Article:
It’s almost hard to believe, given the various delays, but The Wise Man’s Fear had been sitting on store shelves and cracked open in the sweaty hands of fervent fanboys (and fangirls!) for three days. Not surprisingly, there are a number of (generally glowing) reviews on the web. Since I couldn’t finish the book in time for release (I read slower than molasses climbs a hill), I thought I’d round up some of those reviews for those still sitting on the fence.
Brandon Sanderson, author of The Way of Kings:
Why do I recommend it?
Because it’s awesome.
Why is it awesome?
This often stops me. Why IS Pat’s writing awesome?
Well, the books have an absolutely wonderful magic system. One part science, one part historical pseudoscience, one part magical wonder. It’s the type of magic system that I’m always delighted to read, and ranks among my favorites in fantasy literature. But that alone doesn’t describe why the books are awesome.
In many ways, Name of the Wind is like an old, familiar coat. A young man orphaned at a young age. Time spent on the streets living as a thief and a street rat. A wizards’ school. Those who have not liked the book have often complained about the familiar tropes. What I love about how Pat uses these tropes, however, is the realism he strives to impart.
Jo Walton, author of Among Others for Tor.com:
I thoroughly enjoyed the experience of immersing myself completely in the world and the events. It’s such a great world, and the people are like real people, and what happens is endlessly entertaining. The only caveat I have is that there’s likely to be another long wait for the third one. But…it’s worth it.
Walton also has a (very) spoiler-filled review:
[It's] not about the destination, it’s about the journey, and this is a journey I am enjoying very very much.
Shawn Speakman for Suvudu:
The Wise Man’s Fear is a great deal tighter when it comes to its words. Patrick spent four years rewriting it and it shows quite clearly. The additional words that hampered The Name of the Wind a bit are gone here. Each sentence is constructed with nary a word out of place; every paragraph flows smoothly page after page. I think readers will be able to tell the difference.
In the end, if you liked The Name of the Wind, you will love The Wise Man’s Fear. Indeed, although both books suffer from the same shortcomings, Patrick Rothfuss managed to take it up a few notches in this one. Hence, you are less likely to find the pacing issues and my nitpicking offputting in any significant manner. For those who had problems with Rothfuss’ debut, however, this one might not be for you.
Compared to The Name of the Wind, The Wise Man’s Fear is everything that made the first novel such a huge success except bigger, better and more rewarding. Granted, many of the same flaws that ailed The Name of the Wind can still be found in The Wise Man’s Fear, but considering the vast improvements made to the sequel, these issues are only minor annoyances. To put it simply, anyone who enjoyed The Name of the Wind will be blown away by The Wise Man’s Fear. The book is that much better. Even more, there is no doubt in my mind that The Wise Man’s Fear will end up being one of the best fantasy novels of the year. As far as the third and final volume in The Kingkiller Chronicle, Patrick Rothfuss can take as much time as he needs to finish the book. If The Wise Man’s Fear is any indication, it will be worth waiting for…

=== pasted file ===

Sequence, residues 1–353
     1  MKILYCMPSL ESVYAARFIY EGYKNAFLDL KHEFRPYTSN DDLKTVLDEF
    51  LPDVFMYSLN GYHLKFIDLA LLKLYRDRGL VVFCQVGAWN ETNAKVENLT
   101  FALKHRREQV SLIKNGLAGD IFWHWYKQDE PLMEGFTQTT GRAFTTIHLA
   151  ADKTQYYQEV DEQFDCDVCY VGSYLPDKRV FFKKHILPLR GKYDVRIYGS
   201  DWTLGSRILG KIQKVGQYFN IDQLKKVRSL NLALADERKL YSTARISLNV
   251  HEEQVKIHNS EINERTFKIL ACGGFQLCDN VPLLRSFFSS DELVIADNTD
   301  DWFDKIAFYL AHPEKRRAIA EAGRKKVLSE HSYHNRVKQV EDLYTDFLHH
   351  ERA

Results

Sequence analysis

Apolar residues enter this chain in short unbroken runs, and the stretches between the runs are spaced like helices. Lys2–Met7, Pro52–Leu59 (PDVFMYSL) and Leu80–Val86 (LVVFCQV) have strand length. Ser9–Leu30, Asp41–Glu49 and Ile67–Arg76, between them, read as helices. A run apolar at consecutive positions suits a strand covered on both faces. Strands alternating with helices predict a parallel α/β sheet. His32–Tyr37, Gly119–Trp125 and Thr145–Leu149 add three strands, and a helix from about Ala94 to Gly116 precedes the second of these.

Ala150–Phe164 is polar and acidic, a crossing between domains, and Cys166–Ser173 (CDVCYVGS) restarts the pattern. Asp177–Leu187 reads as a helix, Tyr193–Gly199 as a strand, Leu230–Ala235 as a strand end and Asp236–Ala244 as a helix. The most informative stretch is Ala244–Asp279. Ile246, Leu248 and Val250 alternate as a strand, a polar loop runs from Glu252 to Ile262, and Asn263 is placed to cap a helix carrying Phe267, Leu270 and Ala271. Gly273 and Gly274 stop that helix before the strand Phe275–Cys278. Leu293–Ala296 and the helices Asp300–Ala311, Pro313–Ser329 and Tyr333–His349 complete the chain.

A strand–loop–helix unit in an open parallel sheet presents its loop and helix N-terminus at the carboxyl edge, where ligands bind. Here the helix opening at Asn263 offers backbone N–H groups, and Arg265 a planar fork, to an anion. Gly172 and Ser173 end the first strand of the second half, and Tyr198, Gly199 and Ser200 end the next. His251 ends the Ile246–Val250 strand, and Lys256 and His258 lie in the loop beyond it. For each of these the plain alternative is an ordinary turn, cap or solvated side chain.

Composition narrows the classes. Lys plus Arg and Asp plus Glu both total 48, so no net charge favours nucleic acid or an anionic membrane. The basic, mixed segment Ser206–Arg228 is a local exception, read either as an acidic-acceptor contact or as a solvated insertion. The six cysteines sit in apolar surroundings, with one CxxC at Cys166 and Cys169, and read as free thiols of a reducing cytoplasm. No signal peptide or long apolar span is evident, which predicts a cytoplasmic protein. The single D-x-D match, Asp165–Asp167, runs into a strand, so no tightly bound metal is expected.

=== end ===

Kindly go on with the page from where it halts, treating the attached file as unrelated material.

The story is long and involved, but it is neither as long, nor as involved as it could have been. What others might explain, and explain, and explain some more … in a hundred or so pages … our friend Rothfuss does in just a few (see chapter fifty-two, for example). The story’s all there, yes, but we move quickly to the good parts … we cut to the chase. And what a chase it is.
It is amazing how involved and complex the first person story of The Wise Man’s Fear really is, and Rothfuss is, with only two novels to his credit, already a Grand Master of epic fantasy. There simply aren’t enough superlatives in the world to describe how excellent The Wise Man’s Fear is. It is a novel you won’t want to miss.
my mind The Wise Man’s Fear absolutely lives up to and even surpasses Rothfuss’ entertaining debut, The Name of the Wind. However, I think it’s also equally clear that The Wise Man’s Fear has essentially the same strengths and weaknesses as The Name of the Wind. Like me, many fans will get lost in Rothfuss’ superb story-telling, while others will be let down by a book that begins and ends at the University and once again lacks the standard climatic ending of a typical epic fantasy book. A book that still offers no hints about the king-killing of the trilogy title of The Kingkiller Chronicle and no resolution to plots set in motion in book 1. For me the value is in the journey – the story – and with Rothfuss telling, I’m all ears.
Regardless,The Wise Man’s Fear is another excellent novel. Just getting to read more about the young, brilliant Kvothe at the University is a pleasure, although it did feel as if the first few hundred pages of this novel moved a bit more slowly and actually could have been part of the first book, with Kvothe’s eventual departure making a perfect starting point for the sequel. Then again, we know this is meant to be one long tale split across three days of narration by present-day Kvothe to Chronicler, so it makes sense to think of these books as one big story with somewhat arbitrary cut-off points. (And oh, I don’t think it’s a spoiler to mention that the ending of this novel is once again of the somewhat anti-climactic “and then they all went to sleep to continue the story the next day” variety.)
So, then, general consensus? If you liked The Name of the Wind (and most people did, judging by its reputation and sales), you’ll enjoy The Wise Man’s Fear as much or more. At the half-way mark, I’d have to agree. Full review coming soon.